Matzav Mazon: Delectable Sides


gourmet-kosher-cookingA weekly feature by and

When preparing a meal, one often begins by figuring out the main dish. Chicken, fish, meat, tofu, pasta…something that looks good in your favorite large serving bowl. But then comes the even more difficult part – choosing the perfect side dishes. Sides are the accents to the meal, and their flavors will enhance (or diminish) those of the main. The right ones can spice up a meal, create a salacious and enticing spread, and add nutritional balance as well. Many home cooks get stuck using a few basic side dish recipes they know by heart, and never venture out to try new ideas. Here are a few side dishes to try out at your next meal.

For even more delicious side dish recipes, go to

Whipped Sweet Potatoes with Caramelized Apples


4 large sweet potatoes ( about 3 pounds )
3 tablespoons margarine, room temperature
2 tablespoons pareve whipping cream
½ cup applesauce, preferably homemade
2 teaspoons grated fresh ginger
Coarse salt and freshly ground pepper
2 apples, peeled and cored
3 tablespoons sugar


Preheat oven to 375 degrees. Place sweet potatoes on a parchment lined baking sheet, pierce each several times with a fork. Bake until very tender when pierced with a knife, about 50 minutes. Remove from oven; let cool slightly.
Cut open potatoes; scoop flesh into the bowl of an electric mixer fitted with the peadle attachment. Add 2 tablespoons margarine and the pareve cream and beat until smooth. Add the applesauce and ginger; beat to combine. Season with salt and pepper.
Transfer sweet potato mixture to an ovenproof serving dish. Place in oven until heated through, 10 minutes.
Meanwhile, cut apples into 1-inch pieces. Melt remaining tablespoon margarine in a nonstick skillet over medium-high heat. Add apples and sugar; sauté until golden and nicely caramelized, about 8 minutes. Remove from heat.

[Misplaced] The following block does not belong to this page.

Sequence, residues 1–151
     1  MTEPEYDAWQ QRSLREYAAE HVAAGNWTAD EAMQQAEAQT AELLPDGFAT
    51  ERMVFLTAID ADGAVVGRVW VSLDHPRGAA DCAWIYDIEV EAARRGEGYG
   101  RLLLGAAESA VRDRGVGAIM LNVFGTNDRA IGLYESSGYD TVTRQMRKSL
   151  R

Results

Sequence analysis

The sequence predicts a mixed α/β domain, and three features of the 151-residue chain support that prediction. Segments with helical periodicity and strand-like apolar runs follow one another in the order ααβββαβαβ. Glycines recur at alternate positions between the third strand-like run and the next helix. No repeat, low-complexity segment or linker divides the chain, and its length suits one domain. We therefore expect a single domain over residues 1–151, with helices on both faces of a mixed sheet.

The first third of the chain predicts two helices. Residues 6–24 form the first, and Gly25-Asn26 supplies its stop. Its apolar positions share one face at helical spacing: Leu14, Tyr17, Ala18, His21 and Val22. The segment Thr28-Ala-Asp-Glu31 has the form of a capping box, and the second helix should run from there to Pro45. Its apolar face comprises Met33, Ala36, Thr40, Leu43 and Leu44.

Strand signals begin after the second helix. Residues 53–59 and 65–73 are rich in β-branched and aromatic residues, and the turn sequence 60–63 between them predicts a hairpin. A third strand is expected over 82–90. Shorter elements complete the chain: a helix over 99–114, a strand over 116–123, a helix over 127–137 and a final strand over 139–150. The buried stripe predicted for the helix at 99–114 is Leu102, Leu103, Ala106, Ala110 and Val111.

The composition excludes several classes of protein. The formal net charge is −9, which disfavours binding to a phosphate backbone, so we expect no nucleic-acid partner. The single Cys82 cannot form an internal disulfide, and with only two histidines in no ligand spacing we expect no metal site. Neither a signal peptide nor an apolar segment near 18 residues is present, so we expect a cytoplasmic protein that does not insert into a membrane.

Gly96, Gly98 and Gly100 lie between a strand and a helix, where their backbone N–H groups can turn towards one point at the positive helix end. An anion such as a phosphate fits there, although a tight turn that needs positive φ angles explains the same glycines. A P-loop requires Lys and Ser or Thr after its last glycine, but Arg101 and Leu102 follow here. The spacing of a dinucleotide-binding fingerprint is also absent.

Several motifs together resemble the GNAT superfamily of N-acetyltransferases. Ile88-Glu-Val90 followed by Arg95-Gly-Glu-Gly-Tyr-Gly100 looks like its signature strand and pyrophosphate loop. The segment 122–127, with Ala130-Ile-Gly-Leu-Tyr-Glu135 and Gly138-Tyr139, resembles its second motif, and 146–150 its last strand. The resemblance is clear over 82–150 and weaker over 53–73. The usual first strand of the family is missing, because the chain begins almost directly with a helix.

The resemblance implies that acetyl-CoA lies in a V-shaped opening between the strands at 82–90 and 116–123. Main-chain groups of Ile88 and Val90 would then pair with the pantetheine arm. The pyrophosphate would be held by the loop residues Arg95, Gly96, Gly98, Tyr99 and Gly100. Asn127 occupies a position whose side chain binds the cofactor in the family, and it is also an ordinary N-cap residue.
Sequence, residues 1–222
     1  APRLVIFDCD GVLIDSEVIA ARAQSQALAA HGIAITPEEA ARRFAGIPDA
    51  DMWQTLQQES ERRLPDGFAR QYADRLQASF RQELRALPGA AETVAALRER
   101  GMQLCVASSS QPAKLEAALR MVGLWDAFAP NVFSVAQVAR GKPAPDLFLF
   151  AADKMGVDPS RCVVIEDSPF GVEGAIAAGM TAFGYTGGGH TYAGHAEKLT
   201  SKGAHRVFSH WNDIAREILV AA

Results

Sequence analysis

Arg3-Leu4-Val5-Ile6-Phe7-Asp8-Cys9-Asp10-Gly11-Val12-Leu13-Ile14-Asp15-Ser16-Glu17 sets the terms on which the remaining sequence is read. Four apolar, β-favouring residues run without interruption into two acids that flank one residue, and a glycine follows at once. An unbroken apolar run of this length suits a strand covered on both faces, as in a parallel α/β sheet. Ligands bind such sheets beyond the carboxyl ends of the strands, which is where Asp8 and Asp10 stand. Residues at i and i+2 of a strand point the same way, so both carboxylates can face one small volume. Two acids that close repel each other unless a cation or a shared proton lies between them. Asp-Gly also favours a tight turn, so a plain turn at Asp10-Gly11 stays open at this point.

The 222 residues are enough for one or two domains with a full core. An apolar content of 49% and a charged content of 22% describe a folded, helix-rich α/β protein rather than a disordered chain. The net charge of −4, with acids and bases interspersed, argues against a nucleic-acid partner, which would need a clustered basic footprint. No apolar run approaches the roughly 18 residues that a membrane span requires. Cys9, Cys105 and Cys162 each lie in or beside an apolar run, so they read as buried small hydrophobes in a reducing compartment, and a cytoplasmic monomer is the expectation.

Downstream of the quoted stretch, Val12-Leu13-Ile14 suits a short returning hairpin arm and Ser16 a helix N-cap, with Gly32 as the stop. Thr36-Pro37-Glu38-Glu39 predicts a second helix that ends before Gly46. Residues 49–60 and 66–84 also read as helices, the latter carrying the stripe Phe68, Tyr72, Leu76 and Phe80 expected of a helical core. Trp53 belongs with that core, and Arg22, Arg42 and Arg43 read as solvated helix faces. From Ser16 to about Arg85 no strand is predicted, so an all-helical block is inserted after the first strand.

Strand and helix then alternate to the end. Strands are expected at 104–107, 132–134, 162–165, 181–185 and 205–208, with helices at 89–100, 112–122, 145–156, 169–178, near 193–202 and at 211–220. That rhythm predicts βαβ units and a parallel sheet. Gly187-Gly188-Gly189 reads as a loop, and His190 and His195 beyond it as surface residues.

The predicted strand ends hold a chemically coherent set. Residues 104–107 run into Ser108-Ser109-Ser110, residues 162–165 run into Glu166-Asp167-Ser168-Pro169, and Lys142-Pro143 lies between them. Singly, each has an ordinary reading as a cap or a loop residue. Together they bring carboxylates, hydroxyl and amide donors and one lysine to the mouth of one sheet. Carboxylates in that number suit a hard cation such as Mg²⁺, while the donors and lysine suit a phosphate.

Remove serving dish from oven, and top with apples. Serve immediately.

Cauliflower Kugel


1 bag (32 ounces) frozen cauliflower, defrosted
4 eggs, beaten
¼ cup flour
3/4 cup mayonnaise
1 tablespoon pareve chicken soup mix
½ teaspoon pepper
¼ teaspoon nutmeg
¼ to ½ cup bread crumbs
2 tablespoons margarine, broken into small pieces


Preheat oven to 350 degrees. Mix together all ingredients except bread crumbs and pour into 9 x 13-inch pan. Sprinkle with bread crumbs and dot with margarine. Bake for 1 hour.

Green Beans with Garlic Sauce


2 pounds green beans, washed and trimmed
½ cup mayonnaise
2 tablespoons lemon juice
2 teaspoons Dijon mustard
1 rounded teaspoon minced garlic
½ teaspoon black pepper


Fill a large pot of water and bring to a boil. Immerse the beans in the boiling water for 5 – 10 minutes, depending on how you like them. In the meantime combine the rest of the ingredients to make a smooth sauce. Drain beans and mix with sauce.

Roasted Beet and Clementine Salad


28 small beets (each about 1 1/2 inches in diameter), trimmed, scrubbed, cut into wedges
1/4 cup plus 1 tablespoon extra-virgin olive oil
Fine-grained sea salt
6 clementines, peeled, sectioned
¼ cup slivered almonds, toasted
2 tablespoons chopped fresh mint
1 teaspoon grated clementine peel


Preheat oven to 400°F. Toss beets with 1/4 cup olive oil in medium bowl to coat. Cut heavy-duty aluminum foil into two 15-inch squares. Place 1 square on baking sheet. Transfer beets to center of square, leaving 1-inch border around edges. Sprinkle beets with sea salt and pepper. Scatter clementine segments atop beets. Place second sheet of foil over beet mixture; crimp edges to seal tightly. Roast until beets are tender, about 1 hour.

Carefully open foil packet (steam will be released). Transfer beet mixture to large bowl. Stir in fresh mint, clementine peel, and almonds. Drizzle with remaining 1 tablespoon olive oil and season with salt and pepper. Serve at room temperature.

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  1. Who is the target audience for all this foileshtik?

    If a n y o n e knows how to put a good and nourishing meal together it will be a yiddishe balabusta, and she will not resort to an internet news website for advice.

    So who is potentially going to benefit from this “story”?

  2. Boomslang – that’s a stupid thing to say. People get bored of the regular nourishing meals and want a change. Women discuss/swap recipes all the time. This is another way to get good new nourishing recipes. Your house must be one boring house if all you make is the foods you knew as a kid

  3. @Boomslang

    Why so antagonistic? If it’s not for you then just skip over it. I’m sure there are plenty of people who enjoy learning new recipes, or tricks to add to their current ones. It’s not hard to imagine what kind of person might benefit from such an addition to matzav’s website.


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